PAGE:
As a technical translation company, we at McElroy Translation take pride in the quality our translators and editors bring to our services. With machine translation becoming more and more accepted for global use (Survey Shows MT Consideration and Usage Increase, Global Watchtower April 2010), it’s important to acknowledge when it is and is not appropriate.
The key to making this decision is in understanding the purpose your translation will serve. Obviously consent forms, clinical trial protocols, intellectual property, and patents for foreign filing need human translation. But when it comes to translating your website, the choice may not be as clear-cut. After all, there are no regulatory requirements or potential legal issues here, right? If you are actively pursuing business in the Chinese market, studies show 95% of Chinese online consumers indicate greater comfort level with websites in their language (See Global Business Webinar, February 2010), and so it is important that you have a translated website to reach them. But for a content-intensive website, the costs involved in a full human translation may not be feasible. Our recommendation in that case would be to get a high-quality human translation for the pages of highest importance—the pages that directly relate to the information that consumers will need to make a purchasing decision—and then opt for a post-edited machine translation for all additional pages that could be referenced by the consumer. Being able to provide a fully localized website for the language and locale of your target prospect is best, but considering only 1% of US retailers offer sites specific to China, having something available in their native language is a good start. Just make sure you get a post-edit of anything you publish by an in-country linguist, as you could do considerable damage to your brand if you inadvertently offend your audience.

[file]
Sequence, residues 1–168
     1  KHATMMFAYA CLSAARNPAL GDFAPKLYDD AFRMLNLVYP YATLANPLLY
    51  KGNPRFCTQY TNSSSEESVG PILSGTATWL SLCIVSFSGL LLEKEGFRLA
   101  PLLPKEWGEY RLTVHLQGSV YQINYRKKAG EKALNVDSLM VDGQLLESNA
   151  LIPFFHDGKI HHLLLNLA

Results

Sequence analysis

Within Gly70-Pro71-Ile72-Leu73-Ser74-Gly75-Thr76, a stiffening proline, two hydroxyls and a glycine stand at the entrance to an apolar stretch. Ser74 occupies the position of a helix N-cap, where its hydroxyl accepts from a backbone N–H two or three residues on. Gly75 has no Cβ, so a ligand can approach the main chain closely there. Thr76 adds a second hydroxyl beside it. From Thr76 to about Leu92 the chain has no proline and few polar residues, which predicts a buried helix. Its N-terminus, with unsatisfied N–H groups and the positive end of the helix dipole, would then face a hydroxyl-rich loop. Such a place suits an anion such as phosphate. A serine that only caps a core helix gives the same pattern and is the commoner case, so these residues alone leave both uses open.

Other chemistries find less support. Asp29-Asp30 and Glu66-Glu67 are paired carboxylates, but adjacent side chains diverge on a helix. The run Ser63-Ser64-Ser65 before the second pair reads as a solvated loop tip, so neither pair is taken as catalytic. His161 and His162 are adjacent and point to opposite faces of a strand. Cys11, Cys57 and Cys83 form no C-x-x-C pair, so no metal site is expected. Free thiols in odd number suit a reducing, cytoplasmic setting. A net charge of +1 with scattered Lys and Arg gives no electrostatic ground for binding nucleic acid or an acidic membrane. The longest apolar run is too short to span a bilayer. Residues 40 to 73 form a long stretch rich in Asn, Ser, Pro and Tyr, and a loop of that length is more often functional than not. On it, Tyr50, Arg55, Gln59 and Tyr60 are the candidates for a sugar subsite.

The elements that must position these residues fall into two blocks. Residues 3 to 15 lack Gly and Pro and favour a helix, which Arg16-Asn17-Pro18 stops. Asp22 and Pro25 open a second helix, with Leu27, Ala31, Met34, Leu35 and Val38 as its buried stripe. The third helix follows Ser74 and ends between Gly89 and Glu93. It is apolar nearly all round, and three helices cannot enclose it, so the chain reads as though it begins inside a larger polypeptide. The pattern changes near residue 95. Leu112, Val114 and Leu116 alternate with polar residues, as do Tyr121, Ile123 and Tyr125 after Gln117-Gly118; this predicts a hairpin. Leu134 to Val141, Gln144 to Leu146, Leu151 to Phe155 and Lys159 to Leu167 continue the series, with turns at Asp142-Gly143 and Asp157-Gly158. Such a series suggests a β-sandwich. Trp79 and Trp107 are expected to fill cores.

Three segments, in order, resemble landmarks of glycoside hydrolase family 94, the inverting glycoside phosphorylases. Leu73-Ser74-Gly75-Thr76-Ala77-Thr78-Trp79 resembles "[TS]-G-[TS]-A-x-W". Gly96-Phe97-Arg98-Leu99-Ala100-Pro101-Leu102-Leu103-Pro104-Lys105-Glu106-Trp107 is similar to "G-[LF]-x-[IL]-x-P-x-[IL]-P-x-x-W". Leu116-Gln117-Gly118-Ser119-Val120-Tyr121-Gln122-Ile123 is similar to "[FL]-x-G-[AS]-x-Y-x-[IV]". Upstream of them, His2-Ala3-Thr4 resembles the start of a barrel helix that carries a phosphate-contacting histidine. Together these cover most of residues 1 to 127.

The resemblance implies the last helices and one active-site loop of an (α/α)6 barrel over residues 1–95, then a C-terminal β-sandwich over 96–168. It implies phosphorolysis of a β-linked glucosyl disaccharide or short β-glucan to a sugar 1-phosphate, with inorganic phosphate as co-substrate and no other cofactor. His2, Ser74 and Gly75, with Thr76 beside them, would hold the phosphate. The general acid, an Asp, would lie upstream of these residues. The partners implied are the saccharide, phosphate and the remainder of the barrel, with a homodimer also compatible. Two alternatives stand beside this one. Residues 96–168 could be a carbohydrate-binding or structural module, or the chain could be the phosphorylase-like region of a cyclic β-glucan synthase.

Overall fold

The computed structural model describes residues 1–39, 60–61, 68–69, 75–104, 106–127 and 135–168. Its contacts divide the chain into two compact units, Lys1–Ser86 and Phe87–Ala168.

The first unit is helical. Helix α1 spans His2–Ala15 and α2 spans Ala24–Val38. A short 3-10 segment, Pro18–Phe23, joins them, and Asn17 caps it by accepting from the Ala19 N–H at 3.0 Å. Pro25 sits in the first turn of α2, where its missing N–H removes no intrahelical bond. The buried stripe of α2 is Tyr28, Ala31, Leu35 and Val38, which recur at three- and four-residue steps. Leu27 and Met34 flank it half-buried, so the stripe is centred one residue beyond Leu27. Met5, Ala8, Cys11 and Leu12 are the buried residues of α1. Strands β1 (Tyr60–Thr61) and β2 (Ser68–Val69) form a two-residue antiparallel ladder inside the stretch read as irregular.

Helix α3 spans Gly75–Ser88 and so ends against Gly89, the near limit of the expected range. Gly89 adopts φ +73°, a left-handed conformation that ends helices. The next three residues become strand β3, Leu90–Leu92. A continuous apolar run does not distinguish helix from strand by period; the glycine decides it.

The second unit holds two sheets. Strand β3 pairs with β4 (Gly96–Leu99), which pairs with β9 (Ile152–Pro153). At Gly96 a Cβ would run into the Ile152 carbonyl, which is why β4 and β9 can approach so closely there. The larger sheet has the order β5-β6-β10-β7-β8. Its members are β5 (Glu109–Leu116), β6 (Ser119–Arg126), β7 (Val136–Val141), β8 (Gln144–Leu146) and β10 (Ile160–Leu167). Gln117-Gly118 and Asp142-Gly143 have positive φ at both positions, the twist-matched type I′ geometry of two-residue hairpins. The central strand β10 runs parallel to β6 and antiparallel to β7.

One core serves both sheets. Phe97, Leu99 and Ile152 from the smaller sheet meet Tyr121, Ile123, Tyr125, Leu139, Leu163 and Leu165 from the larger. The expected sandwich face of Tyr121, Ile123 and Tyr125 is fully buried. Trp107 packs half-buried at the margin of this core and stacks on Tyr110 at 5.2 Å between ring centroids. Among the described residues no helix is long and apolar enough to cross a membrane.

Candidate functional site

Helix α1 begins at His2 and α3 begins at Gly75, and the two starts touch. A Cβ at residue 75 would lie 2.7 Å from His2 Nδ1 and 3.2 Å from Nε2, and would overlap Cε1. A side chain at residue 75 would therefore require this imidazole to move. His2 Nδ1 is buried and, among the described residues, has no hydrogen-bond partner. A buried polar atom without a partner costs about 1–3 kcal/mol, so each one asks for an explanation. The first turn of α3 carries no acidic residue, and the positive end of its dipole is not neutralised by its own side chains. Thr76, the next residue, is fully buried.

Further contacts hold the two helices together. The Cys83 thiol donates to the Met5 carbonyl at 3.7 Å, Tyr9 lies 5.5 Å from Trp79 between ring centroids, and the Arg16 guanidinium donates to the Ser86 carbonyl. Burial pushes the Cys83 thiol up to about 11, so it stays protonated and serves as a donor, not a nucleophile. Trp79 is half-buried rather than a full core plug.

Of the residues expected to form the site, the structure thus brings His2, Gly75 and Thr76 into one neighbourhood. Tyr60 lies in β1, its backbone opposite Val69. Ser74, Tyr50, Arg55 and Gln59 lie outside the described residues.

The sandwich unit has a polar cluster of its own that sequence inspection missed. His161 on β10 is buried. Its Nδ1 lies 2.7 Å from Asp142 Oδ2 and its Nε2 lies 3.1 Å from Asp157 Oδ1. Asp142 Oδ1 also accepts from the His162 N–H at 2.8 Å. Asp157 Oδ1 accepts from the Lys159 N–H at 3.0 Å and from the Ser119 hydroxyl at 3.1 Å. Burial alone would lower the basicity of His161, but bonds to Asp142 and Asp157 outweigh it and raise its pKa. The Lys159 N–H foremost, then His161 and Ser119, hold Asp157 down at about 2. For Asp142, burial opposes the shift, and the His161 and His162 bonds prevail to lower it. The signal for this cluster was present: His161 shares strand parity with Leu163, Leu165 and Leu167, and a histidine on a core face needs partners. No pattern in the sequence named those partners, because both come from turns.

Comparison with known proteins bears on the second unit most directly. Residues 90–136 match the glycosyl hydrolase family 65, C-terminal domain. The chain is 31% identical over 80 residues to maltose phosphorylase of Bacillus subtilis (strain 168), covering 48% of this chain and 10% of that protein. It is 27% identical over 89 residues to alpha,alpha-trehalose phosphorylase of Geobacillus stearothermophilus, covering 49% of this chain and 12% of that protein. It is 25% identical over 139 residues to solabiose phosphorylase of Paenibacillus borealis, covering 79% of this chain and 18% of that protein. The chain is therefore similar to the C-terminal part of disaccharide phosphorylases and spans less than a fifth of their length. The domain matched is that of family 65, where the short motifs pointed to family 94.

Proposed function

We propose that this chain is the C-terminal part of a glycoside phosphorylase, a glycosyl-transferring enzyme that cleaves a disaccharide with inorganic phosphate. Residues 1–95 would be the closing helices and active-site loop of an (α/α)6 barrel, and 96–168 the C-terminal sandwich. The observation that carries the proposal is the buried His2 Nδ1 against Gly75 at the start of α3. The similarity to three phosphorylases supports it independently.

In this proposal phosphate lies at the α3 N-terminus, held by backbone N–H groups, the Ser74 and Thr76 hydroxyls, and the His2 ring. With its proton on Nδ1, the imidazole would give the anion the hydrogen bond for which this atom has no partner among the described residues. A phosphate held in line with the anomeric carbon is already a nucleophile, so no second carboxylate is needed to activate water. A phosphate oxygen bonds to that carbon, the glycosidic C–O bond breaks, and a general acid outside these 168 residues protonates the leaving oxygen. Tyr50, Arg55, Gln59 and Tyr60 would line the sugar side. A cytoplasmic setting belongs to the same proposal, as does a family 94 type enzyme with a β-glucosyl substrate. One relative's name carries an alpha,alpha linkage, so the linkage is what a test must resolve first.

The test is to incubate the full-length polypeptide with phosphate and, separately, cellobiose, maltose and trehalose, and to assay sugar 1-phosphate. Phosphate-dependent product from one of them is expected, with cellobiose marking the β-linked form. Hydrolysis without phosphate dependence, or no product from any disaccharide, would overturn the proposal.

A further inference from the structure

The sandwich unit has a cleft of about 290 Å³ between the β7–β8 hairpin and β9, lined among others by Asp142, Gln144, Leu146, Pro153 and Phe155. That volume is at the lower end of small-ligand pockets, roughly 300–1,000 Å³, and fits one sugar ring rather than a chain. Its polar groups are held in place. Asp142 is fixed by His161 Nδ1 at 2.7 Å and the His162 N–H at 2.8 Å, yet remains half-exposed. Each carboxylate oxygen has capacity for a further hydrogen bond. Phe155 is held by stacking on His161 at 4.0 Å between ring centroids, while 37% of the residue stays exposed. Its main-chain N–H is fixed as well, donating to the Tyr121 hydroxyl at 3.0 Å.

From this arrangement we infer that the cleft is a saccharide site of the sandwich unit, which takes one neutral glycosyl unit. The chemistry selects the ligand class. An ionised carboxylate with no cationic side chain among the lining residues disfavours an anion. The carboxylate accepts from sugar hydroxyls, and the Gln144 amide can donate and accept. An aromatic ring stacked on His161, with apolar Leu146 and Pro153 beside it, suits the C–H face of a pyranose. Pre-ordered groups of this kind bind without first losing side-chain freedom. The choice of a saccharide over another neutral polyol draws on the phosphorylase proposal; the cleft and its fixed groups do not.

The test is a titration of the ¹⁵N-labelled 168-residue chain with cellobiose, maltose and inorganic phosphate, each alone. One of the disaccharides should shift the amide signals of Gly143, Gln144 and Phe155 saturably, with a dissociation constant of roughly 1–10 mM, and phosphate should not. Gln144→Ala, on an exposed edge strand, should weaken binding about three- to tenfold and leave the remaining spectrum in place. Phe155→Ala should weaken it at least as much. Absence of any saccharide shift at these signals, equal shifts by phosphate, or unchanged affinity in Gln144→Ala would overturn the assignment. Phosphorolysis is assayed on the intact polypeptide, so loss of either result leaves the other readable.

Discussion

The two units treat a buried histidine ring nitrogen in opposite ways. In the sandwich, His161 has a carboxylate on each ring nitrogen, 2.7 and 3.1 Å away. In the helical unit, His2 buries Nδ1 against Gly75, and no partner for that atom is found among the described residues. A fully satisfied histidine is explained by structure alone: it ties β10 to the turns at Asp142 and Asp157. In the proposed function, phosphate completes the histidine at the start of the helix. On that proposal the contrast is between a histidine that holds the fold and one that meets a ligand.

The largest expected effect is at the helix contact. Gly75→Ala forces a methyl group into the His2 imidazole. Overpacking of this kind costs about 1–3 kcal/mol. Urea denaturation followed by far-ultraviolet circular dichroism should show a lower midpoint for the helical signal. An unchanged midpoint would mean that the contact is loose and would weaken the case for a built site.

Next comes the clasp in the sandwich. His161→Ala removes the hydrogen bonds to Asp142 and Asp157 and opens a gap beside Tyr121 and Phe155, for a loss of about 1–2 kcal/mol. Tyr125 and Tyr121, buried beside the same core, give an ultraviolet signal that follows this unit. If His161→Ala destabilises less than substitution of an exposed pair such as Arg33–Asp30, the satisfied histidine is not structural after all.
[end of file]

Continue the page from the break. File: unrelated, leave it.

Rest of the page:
McElroy currently uses machine translation with clients for the purpose of discovery. In litigation cases involving large volumes of foreign language text, the time and costs involved in the human translation of these documents is unfeasible. Legal teams and e-Discovery companies depend on either retaining native-speaking reviewers to run searches through the corpus of foreign language documents or machine-translating them to run English searches. By applying glossaries to the machine translation, portions of text that contain a higher number of hits can be identified, and certified human translations can be provided for those portions.
So machine translation does have its uses. However, you must understand that if you take the machine-translation path, the quality will be extremely low, making post-translation editing vitally important. To test this for yourself, try taking your company’s profile, running it through Google translate into the language of your choice, and then translating the result back to English. This will give you a good idea of the type of quality a machine translation will provide.